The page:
My article for the Ham and High on Labour Party Conference 2014

September 29, 2014 at 12:53 pm / by

Tulip Siddiq speaking at Labour Party Conference 2014

I recently wrote an article for the Ham and High, which was published on the day after Labour Party Conference. You can read it here, or via their website at

As my train pulled into Manchester Piccadilly, I started thinking about Emmeline Pankhurst, a leader of the Suffragette movement who was born in Moss Side. Without women like her, I wouldn’t even have the right to vote, let alone stand as an MP.

It’s been over a year since I was selected as the Labour candidate for Hampstead and Kilburn, which is both a great privilege and a great responsibility.

The referendum in Scotland has been hailed by the broadsheets for rejuvenating a nation’s interest in politics; yet in the thousands of conversations I have had with local residents, I do not hear a lack of interest. I hear very real concerns. I also hear criticism of politicians and the desire for a new political culture– for fewer academic theories and more personal engagement.

People want politicians to tackle the issues that matter in their everyday lives: from the lack of affordable housing to securing the right school for their child, the escalating cost of renting, to balanced economic growth for the many, not just the few, and fears about our national treasure – the NHS.

How to best represent the interests of 90,000 diverse people in Parliament is what keeps me up at night; it is also what gets me up in the morning. This year’s Labour Conference gave me an opportunity to represent some of their key concerns.

I met Shadow Secretary of State for Health Andy Burnham MP, who reiterated Labour’s commitment to repeal the Health and Social Care Act and to rebuild the NHS as a true public service. I met Cancer Research UK to discuss what support can be given to local people who have suffered from cancer at some point in their lives.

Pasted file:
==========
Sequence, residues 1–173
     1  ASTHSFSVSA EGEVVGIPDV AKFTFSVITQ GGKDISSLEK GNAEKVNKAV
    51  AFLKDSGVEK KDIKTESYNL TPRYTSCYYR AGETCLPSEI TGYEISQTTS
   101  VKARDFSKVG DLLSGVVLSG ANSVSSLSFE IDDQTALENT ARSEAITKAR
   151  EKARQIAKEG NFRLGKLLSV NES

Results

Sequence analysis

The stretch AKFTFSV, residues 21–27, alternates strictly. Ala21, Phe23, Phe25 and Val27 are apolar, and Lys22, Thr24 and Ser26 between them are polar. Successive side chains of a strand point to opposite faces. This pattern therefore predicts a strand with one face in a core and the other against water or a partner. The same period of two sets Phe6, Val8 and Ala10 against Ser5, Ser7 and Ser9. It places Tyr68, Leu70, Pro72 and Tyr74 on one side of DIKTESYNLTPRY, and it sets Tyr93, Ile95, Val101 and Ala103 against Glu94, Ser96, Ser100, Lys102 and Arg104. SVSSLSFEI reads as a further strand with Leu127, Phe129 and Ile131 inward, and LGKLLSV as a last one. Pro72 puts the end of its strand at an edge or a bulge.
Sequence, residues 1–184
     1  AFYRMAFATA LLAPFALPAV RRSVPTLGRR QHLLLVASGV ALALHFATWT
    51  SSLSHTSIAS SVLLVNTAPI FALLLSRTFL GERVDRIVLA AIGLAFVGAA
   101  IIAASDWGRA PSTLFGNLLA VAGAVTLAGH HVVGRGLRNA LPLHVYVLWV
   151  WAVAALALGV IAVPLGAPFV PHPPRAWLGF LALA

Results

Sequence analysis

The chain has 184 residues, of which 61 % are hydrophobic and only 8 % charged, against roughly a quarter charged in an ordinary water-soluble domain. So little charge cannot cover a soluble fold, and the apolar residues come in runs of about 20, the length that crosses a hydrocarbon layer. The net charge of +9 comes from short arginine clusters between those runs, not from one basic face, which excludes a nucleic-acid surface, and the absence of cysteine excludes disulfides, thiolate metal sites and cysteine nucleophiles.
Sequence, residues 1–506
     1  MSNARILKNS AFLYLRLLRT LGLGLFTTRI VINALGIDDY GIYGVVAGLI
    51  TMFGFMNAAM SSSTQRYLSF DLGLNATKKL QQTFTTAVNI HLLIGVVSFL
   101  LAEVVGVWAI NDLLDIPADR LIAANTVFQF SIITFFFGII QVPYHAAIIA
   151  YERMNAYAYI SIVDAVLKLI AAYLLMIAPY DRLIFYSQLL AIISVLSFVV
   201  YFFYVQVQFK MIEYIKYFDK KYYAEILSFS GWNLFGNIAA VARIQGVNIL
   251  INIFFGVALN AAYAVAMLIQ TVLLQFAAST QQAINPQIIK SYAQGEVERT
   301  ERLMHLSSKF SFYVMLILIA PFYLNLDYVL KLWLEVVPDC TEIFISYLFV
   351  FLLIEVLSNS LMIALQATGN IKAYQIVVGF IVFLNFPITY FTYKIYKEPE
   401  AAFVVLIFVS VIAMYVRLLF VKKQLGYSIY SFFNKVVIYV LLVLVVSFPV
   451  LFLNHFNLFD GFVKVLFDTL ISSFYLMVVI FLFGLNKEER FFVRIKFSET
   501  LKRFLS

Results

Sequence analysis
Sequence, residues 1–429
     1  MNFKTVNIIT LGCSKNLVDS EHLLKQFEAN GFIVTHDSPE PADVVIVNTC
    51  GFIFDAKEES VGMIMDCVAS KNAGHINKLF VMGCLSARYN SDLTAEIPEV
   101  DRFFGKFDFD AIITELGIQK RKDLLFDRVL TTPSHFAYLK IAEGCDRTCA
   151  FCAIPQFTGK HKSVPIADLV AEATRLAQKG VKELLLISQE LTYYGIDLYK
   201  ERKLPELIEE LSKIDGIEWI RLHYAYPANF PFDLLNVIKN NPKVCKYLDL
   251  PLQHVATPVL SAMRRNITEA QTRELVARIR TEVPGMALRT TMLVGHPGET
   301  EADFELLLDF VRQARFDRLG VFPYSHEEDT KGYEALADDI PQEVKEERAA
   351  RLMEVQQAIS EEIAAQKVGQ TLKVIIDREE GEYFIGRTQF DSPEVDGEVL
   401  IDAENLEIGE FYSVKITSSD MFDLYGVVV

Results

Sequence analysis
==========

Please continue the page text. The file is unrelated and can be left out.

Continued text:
Thousands of people are still on the housing waiting list in my constituency. This is not good enough. Ed Miliband spoke about building 200,000 more homes every year by 2020 and said that tackling the cost of the private rented sector was a key priority. These policies move us in the right direction.

During a visit to the People’s Centre for Change in Kilburn this year I became acutely aware of the lack of access to transport for disabled people across London. It may not be headline grabbing but it’s what matters to those whose voices often get lost. There are 16, 000 people with disability issues in the constituency and they must have accessible transport. That’s why I addressed the conference about my personal commitment to tackling this issue. I’ve also written to Boris Johnson about needing lifts in tube stations including my nearest tube, West Hampstead. If you’re reading this Mr Johnson, I’m still waiting for an answer!

As I left Pankhurst’s hometown, I thought about my meeting next week with Ernestine LaSelle from the Abbey Road Estate in my constituency. Ernestine’s mother, Mary Pollock, was also a suffragette. To be precise, Mary was part of the Scottish suffragette movement.

As Scotland’s referendum unfolded, I thought of the many ways people from England, Scotland, and the rest of the UK have come together to become more than the sum of their parts. The suffragette movement is one of many such examples.

At 100 years old, Ernestine is not at Labour Conference but she still wants a full debrief of the last conference before the election. She wants to understand that issues that matter locally are also priorities for the next Labour government, to understand that Labour has a vision for keeping our union together, for making a new politics that is genuinely representative, from Hampstead up to the Highlands and beyond.